It’s one of the oldest neighborhoods in the city, settled in the late 18th century and heavily populated by Creoles and free people of color. The area was named after Claude Tremé, a French hatmaker and real estate developer who migrated from Burgundy in 1783.

What is it like today? Tremé is known for its music clubs and soul food spots (some double as both), Creole architecture, and cultural centers celebrating the neighborhood’s African-American and Creole heritage. It’s a vibrant, diverse neighborhood, home of many a second-line parade and the star of popular HBO’s namesake series.

Here are a few “must-visit” attractions within walking distance, or a short car or bike ride away.  The beautiful St. Augustine Church is the most famous African American Catholic church in the city (though not the oldest). It was founded by free people of color in 1842. Don’t miss the Tomb of the Unknown Slave, a tribute to the victims of the African diaspora, located on the church grounds at 1210 Governor Nicholls Street. Two blocks away, on the same street, is the New Orleans African American Museum of Art, Culture and History.

Tremé is also home to the excellent Recreation Community Center which has a big indoor pool and a fitness center. You’ll find an incredible collection of Mardi Gras Indian costumes and other cultural memorabilia at the Backstreet Cultural Museum, founded (and manned for many years) by Sylvester Francis.

The Backstreet Cultural Museum is as unique as the city itself. It explores the rites and practices of the city’s African American population that are also interwoven with the French-Creole history of New Orleans. You’ll be led on an unforgettable tour of memorabilia indigenous to Mardi Gras, jazz funerals, second lines, Super Sunday, and other traditions that cannot be found anywhere else in the world.

St. Louis No. 1 Cemetery

One of the city’s most famous “cities of the dead,” St. Louis Cemetery No. 1, is located at Basin and St. Louis Streets. (You may remember it from Easy Rider.) Civil rights activist Homer Plessy and voodoo queen Marie Laveau are buried in this cemetery, which was founded in 1789. We recommend booking a guided tour to learn more about this incredible historic place.

Across N. Rampart Street from the French Quarter stretches the 32-acre Louis Armstrong Park, home to the iconic Congo Square, Armstrong’s statue, and several annual food and music festivals. Those include the Tremé Creole Gumbo Festival and the Congo Square Rhythms Festival. At 1419 Basin Street, you’ll find the Mahalia Jackson Theater of the Performing Arts, where you can catch shows featuring everyone from local performers to top touring national acts.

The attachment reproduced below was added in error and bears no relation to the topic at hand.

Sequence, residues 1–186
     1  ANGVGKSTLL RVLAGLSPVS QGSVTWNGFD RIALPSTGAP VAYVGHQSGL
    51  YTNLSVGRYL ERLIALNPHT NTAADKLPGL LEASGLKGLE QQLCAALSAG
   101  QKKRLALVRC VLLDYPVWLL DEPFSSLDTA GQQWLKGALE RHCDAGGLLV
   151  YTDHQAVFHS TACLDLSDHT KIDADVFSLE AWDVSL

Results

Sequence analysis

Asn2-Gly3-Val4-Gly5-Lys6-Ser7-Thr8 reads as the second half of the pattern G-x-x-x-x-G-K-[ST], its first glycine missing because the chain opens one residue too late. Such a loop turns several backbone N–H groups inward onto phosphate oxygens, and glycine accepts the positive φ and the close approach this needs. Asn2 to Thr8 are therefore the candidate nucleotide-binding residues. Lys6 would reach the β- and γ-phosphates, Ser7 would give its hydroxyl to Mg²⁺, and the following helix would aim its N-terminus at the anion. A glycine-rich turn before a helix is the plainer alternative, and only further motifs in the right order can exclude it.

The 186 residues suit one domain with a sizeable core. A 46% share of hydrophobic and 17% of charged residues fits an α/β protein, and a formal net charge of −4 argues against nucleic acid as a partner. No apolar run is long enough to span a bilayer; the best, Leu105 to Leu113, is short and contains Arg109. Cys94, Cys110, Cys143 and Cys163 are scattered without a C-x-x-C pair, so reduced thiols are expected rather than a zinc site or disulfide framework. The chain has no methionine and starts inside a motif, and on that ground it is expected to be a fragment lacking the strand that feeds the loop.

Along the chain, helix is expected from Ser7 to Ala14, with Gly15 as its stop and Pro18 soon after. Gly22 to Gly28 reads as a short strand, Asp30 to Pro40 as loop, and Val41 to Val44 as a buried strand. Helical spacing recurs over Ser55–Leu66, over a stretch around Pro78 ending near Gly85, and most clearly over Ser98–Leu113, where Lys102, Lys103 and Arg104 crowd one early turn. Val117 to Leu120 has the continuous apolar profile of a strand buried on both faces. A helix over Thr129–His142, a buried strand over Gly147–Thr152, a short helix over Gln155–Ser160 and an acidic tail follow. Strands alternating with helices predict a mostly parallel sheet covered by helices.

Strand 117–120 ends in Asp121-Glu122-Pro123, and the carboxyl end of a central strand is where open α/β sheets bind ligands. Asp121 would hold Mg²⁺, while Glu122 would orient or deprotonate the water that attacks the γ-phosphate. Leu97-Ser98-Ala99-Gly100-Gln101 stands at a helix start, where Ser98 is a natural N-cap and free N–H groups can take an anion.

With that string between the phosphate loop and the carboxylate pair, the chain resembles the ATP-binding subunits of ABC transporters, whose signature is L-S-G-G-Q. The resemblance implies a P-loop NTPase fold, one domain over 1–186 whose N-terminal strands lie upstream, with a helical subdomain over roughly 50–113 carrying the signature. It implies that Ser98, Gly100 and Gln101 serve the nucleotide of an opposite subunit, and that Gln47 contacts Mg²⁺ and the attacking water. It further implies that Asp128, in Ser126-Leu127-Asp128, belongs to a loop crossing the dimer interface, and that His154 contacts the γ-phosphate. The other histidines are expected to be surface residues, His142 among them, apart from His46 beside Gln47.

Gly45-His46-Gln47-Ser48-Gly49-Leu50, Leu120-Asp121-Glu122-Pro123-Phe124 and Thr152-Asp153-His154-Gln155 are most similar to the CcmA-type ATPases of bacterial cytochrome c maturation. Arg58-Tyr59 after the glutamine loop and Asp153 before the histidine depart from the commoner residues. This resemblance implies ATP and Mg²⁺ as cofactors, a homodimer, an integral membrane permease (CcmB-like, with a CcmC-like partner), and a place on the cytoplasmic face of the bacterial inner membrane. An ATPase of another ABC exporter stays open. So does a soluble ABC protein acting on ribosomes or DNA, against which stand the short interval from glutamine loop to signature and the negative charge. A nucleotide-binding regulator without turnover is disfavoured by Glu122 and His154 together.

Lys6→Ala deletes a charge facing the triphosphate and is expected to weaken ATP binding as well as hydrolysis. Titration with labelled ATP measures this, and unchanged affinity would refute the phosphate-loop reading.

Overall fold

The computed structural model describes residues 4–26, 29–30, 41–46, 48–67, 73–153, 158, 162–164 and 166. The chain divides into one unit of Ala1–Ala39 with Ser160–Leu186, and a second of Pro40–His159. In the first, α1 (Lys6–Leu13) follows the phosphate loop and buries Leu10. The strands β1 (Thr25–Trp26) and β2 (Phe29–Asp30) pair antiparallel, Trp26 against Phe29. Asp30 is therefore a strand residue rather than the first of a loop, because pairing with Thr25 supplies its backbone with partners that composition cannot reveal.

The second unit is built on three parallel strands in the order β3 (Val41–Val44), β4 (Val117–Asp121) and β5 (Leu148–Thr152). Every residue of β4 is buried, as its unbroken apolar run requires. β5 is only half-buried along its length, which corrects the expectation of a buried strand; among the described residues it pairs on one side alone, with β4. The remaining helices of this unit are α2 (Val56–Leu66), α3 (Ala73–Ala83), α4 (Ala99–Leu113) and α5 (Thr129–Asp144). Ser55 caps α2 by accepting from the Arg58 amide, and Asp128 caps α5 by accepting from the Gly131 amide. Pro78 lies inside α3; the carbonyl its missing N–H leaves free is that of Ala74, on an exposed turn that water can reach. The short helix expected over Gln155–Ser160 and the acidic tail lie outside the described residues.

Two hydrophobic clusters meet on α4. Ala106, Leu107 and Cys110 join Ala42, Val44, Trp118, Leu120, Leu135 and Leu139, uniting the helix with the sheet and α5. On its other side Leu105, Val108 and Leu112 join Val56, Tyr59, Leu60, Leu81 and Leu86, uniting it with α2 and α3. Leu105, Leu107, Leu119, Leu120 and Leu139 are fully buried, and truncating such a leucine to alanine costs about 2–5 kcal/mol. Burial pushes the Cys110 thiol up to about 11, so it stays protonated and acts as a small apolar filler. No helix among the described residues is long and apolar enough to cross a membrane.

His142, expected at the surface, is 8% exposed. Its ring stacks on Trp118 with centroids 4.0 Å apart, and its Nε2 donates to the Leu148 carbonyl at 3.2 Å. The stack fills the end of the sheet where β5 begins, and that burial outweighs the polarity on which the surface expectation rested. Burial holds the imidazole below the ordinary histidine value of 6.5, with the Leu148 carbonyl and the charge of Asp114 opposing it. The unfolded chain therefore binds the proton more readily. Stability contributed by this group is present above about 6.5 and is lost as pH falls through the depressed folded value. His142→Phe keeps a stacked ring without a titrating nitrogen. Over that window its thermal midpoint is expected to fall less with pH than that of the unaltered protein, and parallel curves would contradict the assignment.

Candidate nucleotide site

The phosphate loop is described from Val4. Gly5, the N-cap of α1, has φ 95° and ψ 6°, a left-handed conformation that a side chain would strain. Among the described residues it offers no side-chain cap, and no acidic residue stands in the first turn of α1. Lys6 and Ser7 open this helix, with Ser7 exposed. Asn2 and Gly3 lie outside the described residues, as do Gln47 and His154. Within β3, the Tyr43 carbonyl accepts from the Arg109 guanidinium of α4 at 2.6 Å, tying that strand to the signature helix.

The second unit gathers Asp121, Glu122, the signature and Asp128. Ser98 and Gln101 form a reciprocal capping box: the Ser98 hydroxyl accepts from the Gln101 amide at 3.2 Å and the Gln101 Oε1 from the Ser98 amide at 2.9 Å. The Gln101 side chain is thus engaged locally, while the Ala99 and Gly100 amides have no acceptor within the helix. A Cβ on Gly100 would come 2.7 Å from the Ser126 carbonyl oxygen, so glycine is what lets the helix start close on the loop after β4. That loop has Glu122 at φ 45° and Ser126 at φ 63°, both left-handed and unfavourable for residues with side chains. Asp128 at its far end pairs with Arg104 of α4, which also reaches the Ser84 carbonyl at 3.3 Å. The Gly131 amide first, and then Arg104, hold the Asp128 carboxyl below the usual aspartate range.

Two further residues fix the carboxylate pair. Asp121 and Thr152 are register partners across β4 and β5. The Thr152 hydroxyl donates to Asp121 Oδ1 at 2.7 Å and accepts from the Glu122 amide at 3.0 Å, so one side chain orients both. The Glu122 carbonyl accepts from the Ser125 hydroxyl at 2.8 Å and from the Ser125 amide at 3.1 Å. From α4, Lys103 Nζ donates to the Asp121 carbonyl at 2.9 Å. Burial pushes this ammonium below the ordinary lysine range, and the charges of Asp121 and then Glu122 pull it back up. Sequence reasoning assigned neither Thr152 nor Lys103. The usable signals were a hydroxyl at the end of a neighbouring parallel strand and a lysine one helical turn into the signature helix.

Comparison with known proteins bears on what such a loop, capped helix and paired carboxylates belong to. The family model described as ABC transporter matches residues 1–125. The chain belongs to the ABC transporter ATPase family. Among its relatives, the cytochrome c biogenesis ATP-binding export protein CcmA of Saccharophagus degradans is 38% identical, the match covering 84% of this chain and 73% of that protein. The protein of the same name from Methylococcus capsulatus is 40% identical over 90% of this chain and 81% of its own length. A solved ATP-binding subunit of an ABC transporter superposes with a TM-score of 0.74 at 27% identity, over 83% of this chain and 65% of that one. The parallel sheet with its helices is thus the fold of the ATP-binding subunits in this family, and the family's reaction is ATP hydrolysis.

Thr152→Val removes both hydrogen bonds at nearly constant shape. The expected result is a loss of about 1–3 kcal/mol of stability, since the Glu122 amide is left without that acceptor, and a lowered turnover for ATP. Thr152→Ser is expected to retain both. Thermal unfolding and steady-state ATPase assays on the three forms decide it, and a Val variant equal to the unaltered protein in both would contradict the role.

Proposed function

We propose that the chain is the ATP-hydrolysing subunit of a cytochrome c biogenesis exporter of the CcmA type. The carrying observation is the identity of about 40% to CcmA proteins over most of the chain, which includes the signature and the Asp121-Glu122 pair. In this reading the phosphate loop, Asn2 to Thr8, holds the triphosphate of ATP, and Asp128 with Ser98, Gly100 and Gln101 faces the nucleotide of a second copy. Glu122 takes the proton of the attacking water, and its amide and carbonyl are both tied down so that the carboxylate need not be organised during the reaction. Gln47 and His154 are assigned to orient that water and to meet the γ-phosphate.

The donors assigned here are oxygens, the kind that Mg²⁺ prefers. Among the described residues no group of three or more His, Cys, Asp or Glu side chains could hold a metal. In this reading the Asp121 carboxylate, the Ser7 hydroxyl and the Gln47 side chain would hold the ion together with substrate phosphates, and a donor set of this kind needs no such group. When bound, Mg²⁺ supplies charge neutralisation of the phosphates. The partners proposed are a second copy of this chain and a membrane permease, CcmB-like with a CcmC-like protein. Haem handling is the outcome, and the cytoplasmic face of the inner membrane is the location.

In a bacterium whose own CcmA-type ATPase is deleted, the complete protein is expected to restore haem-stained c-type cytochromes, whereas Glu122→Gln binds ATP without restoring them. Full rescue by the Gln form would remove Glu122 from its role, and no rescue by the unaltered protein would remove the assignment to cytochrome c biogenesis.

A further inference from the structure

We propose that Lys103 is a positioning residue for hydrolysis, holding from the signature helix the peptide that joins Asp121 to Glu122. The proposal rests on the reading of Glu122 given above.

Tremé is said to have invented jazz, and it’s still a great place to hear live music. The Candlelight Lounge is an excellent option for Creole food and brass bands. Kermit’s Tremé Mother in Law Lounge on N. Claiborne belonged to the late R&B and jazz legend Ernie K-Doe and his wife Antoinette. When both passed, Kermit Ruffins bought it and continued the tradition with live music and BBQ.

Want to sample some local soul food? Head to the legendary Dooky Chase’s. The late chef Leah Chase’s Creole staples include gumbo z’herbes, which is not easy to find on the restaurant menus in the city. It’s a meatless version of gumbo made with several types of greens. Beyond gumbo, the menu features New Orleans and Southern staples like BBQ shrimp, Gulf seafood, and amazing Southern fried chicken.

Not far away on Orleans Avenue, owners Greg and Mary Sonnier gave another life to their famous restaurant, Gabrielle, which used to be in Mid-City on Esplanade Avenue but has been shuttered after Katrina. And, speaking of Esplanade, Li’l Dizzy’s Cafe is a popular choice for a casual soul-food breakfast.

This concludes our little tour of the top Tremé attractions, though there’s much more to explore there!

Top Attractions in the French Quarter